Jasjyot Singh Hans, JasjyotJasjyot, Sikh Fashion, Best Illustrators India, Fashion Illustrator India
Hear

Jasjyot Singh Hans Puts Sikh Ladies in Sick Fashion

9 Weeks Ago
A new zine by Baltimore-based illustrator Jasjyot Singh Hans, upends the fashion stereotype to give us full-bodied women, with hair that hasn’t been fashioned into trendy ’dos. Aptly titled Sikh Ladies in Sick Fashion, the 20-page zine is what he calls his “humble love letter to fashion, the women I draw and the risograph”.

It’s a labour of love, too. It took him two weeks to create the two-toned artworks for the risograph prints, which he bound by hand with a simple centre-staple. You can now find it online, on his e-store.

Since we’re obsessed with his women and utterly fascinated with his new project, we settled down for a quick chat:

What prompted you to put Sikh ladies in sick fashion?

“I have been wanting to make a fashion zine for a long time now, but I needed some kind of an anchor. I was going to be a part of a Sikh art focussed show, and thought it would be cool to have the women be Sikh, wearing some of the fashion I’ve been following. Apart from some Sikh street style blogs, there really isn’t much dialogue between Sikhs and contemporary fashion.

I also like the idea of introducing more Sikhs in contemporary culture. So this became my little way of creating that dialogue, as well as paying tribute to the Sikh women I know, who share a penchant for fashion.”

With your long-haired, plus-sized models you’re essentially mouthing off to fashion’s fascination with size zero and its frenzied evolution. What did this stem from?

“I guess it stems from my own body image. I’ve always been big, and drawing women, and at some point it only felt natural to draw them in the same body shape as mine. I continue to draw them because I don’t see many bigger bodied women in fashion or popular media, so it is my way of making women of all sizes feel visible, fearless and beautiful.”

Did you put them in pieces you’ve been personally obsessing over, like the Acne Studios emoji sneakers?

“They’re definitely pieces that introduced me to new brands or made me look at fashion in a new way.

Acne Studios' ‘Adriana’ sneakers were something I had come across on a website, and then saw someone in my cohort wearing. They were added to my when-I-have-money bucket list. I don’t think I’ll be able to afford them anytime soon.

Vetements made it into the zine, and that’s a brand that intrigues me, even though I don’t quite get all of it. Walter Van Beirendonck creates some delightful work. The cap from his Spring-Summer 2014 menswear collection is in the zine as well.

Alexander McQueen’s Plato’s Atlantis collection is a spectacle that will forever take me to a place where I feel like a sparkly-eyed gay boy. And remind me of the time I tried to catch a pixelated livestream of the show (it broke the internet, so I couldn’t), and to listen to the world premiere of Lady Gaga’s ‘Bad Romance’. The iconic armadillo shoes stick out from the collection in particular. It is sad to revisit the show now that he’s gone. The inclusion of the shoes is a silent salute to him, and the innovation he brought to fashion.”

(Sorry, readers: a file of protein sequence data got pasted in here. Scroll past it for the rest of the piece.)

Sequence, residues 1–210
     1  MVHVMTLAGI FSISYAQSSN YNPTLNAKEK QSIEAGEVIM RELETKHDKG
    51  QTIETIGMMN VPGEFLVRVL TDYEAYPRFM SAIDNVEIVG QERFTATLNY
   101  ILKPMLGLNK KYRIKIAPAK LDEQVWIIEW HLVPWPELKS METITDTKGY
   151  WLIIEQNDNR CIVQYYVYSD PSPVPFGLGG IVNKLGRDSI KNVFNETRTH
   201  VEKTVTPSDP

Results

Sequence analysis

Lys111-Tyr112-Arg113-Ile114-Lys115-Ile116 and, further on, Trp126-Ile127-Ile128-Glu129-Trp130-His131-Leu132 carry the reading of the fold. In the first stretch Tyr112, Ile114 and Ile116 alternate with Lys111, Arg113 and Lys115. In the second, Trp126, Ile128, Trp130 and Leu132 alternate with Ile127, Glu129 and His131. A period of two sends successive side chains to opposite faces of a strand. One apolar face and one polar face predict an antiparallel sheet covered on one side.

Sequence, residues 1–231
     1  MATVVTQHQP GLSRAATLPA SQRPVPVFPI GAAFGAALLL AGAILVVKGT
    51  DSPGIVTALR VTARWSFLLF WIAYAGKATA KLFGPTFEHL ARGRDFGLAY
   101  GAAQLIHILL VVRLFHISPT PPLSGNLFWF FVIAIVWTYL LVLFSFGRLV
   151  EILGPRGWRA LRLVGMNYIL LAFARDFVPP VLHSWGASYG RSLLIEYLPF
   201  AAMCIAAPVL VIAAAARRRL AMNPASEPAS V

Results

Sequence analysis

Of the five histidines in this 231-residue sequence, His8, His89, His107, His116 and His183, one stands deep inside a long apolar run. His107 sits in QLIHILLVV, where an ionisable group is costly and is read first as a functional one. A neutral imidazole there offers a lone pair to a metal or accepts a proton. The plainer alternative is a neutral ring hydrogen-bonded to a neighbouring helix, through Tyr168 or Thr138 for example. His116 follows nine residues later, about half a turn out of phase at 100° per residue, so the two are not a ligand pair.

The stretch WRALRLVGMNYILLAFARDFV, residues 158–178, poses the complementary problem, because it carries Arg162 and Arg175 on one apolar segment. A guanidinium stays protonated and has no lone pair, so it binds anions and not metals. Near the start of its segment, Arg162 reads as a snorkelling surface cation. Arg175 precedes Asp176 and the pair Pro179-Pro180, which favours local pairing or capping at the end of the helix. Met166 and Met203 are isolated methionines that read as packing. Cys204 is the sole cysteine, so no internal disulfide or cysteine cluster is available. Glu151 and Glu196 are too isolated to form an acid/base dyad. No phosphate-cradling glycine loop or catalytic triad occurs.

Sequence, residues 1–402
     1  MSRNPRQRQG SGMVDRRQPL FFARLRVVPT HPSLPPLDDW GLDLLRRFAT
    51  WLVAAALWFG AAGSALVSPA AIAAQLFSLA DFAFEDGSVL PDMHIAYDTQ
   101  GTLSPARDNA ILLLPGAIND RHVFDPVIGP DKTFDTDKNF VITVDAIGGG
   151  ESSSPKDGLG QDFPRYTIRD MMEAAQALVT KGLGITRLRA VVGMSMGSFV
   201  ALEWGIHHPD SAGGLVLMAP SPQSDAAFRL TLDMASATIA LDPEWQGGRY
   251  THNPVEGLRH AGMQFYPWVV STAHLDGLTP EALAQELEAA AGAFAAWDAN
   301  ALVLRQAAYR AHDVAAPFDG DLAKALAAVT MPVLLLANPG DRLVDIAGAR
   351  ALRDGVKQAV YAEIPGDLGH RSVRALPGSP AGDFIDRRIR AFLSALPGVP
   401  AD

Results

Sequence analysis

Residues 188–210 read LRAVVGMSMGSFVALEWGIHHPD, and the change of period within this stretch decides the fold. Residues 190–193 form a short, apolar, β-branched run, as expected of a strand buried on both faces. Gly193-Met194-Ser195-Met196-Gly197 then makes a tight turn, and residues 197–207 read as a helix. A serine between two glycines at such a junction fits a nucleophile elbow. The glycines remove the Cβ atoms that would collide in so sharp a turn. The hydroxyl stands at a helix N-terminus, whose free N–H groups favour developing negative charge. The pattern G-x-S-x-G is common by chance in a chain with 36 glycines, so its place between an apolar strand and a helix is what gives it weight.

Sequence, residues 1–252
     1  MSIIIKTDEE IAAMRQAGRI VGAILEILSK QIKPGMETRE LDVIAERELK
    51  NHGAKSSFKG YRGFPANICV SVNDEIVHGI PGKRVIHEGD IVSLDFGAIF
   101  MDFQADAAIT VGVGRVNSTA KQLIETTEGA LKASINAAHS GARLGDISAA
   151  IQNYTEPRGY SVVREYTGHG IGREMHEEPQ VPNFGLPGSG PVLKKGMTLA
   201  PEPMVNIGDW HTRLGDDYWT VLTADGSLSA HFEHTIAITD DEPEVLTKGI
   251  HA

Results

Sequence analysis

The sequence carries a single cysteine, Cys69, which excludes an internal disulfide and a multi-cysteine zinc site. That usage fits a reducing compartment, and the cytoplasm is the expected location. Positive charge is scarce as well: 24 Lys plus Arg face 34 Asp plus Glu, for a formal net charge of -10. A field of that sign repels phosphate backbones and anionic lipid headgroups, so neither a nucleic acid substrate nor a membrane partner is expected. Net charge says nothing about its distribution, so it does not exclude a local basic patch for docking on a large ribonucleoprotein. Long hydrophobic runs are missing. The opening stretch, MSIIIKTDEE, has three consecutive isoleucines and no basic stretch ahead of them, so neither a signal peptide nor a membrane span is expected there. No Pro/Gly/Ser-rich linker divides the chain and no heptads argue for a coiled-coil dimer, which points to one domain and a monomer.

How do you describe the alluring women you draw? Do they echo your mood – if so, in what way?

“I used to describe the women I draw in a much more dissociated way. But it’s only natural for the work to echo my mood. I’ve always felt a strong sense of failure personally, so these women are my way of doing things I can’t. They grow extra-long bangs or veil themselves if I feel like I need to be left alone. They tie their hair in plaits because it reminds me of home. They shed their layers and are unabashedly proud of their bodies because it’s difficult for me to do that with ease. So in some ways the relationship is direct, but in other ways it is more of a catharsis.”

Do you often get asked why they’re all pensive or moody?

“All the time! I feel like a mood can rarely ever be articulated with a single emotion. There are definitely dominant emotions, but the way I see them is always a combination of different feelings. It’s natural for the women I draw to seem pensive because they’re still making sense of what they’re feeling.”

We noticed you’ve given them names this time around – is this a first? Do you think that helps to add context, or adds to their story?

“Yes, this was the first time I gave them names. It was something that really anchored the context, and made them feel like actual people. It was also a way of introducing people [in the USA, where he plans to distribute this zine] to names that they might have heard but didn’t know were Sikh. I’m not sure if the people notice the long hair and the kara (steel/iron bangle) on the right wrists and make a direct connect but they are also there as subtle signifiers of Sikhism. The Sikh turban and the parandas also make an appearance. If this becomes a bigger body of work, I would want to write a little blurb about each character that helps build their individual narrative.”

When did you start drawing women, and has your woman evolved with time?

“My mum says I could draw a woman’s face in profile when I was five! And she was always cool with skinny bikini-clad women with manga eyes at the back of my school notebooks.

The women have definitely come a long way since then, as the practice of drawing became increasingly personal for me. They’ve had time to breathe and live and change as I do, and will hopefully keep evolving.”